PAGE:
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Exploring the continuity between heritage and nationalism - Essay Example

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Exploring the Continuity between Heritage and Nationalism Introduction Heritage is an essential component of nationalism. Scholar Ernst Renan argues that there are two conditions for nationalism: “The one is the possession of a rich heritage of memories; and the other is actual agreement, the desire to live together, and the will to continue to make the most of the joint inheritance” (Christie, 1998, p…
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Exploring the continuity between heritage and nationalism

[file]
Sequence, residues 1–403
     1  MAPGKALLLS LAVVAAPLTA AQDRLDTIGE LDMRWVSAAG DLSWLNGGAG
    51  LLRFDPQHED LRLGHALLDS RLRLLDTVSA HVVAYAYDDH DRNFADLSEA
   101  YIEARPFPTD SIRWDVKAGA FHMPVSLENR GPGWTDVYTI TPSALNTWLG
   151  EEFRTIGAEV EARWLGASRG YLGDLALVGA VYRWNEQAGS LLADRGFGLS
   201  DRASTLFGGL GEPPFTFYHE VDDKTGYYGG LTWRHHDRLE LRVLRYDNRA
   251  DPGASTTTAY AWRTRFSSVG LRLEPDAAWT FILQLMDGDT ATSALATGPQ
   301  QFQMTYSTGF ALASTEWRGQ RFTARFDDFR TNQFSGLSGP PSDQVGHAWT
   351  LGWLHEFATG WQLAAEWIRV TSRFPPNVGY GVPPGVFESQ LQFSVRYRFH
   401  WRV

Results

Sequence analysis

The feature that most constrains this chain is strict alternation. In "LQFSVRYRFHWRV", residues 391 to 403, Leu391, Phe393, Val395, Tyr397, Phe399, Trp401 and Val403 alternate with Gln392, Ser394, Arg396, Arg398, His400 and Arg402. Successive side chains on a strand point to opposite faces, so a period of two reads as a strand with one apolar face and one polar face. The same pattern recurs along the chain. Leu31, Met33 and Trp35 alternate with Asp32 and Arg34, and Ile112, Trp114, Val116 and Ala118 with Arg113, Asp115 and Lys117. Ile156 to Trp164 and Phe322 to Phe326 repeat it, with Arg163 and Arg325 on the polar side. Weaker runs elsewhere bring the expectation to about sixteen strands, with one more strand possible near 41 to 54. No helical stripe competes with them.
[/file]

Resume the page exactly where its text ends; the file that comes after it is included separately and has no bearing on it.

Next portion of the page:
Download file to see previous pages... At the heart of the concept of nationalism therefore is the recognition and portrayal of this nation and the creation of an identification of its people. This can be done through the fostering of national heritage. Heritage is an important and indispensable addition to the concept of national identity and has evolved simultaneously with nationalism. The connection between nationalism and heritage is evidently strong. The nation is a concept built by heritage. Nations will cease to exist without their national heritage. The Relationship between Nationalism and Heritage Heritage, defined as “that which has been or may be inherited” (Howard, 2003, p. 6), developed from a set of philosophies and ideas, which openly represent ‘modernity’. The modern period, as usually described, frequently espouses a Eurocentric worldview. 18th- and 19th-century Europe are regarded as the zenith of modernism as secularism developed during the Renaissance finally translated into the Enlightenment of the 18th century, with its support for and confidence in human rationality. The idea of European nation-state was formed within this perspective (Howard, 2003, p. 6). Similar to the Renaissance, the Enlightenment is regarded as being characterised by its specific interpretation of heritage. Consequently, the modern period is characterised by the development of various accounts of nationalism as the “ideology of belongingness” (Corsane, 2005, p. 3) and primary component of validation in state-building process. As stated by Woolf (Corsane, 2005, p. 3): National identity is an abstract concept that sums up the collective expression of a subjective, individual sense of belonging to a socio-political unit: the nation state. Nationalist rhetoric assumes not only that individuals form part of a nation (through language, blood, choice, residence, or some other criterion), but that they identify with the territorial unit of the nation state. The character of a nation is an aspect related to its attitude toward its national heritage. Basically, national heritage is defined as shared memories of a society emphasising symbols, cultural objects, historical experiences, and people which are viewed as prerequisites for the existence of nation (Labadi & Long, 2010, p. 39). The more components such as symbols and cultural objects that are integrated into a dynamic appreciation and recognition of national heritage, the stronger the concept of national identity and the more intense and committed the nationalism of the community. Thus, when the English appreciated their national heritage, particularly their diverse English intellectuals and literary geniuses, they showed a strong and passionate sense of being‘English’ (Laurajane, 2006, p. 136). Moreover, according to Borelli and Lenzerini (2012), the attempt of Eastern European peoples to restore their 19th-century national heritage, with its focus on commemorating historical events and past grandeurs, is a perfect example of strengthening the sense of nationalism. In this visualisation of a nation that is also the native soil of inhabitants who share cultural similarities, heritage is the most important tool in the development or building and consequent cultivation of a national identity. National heritage and nationalism evolved simultaneously while the concept of ‘nation’ ...Download file to see next pagesRead More
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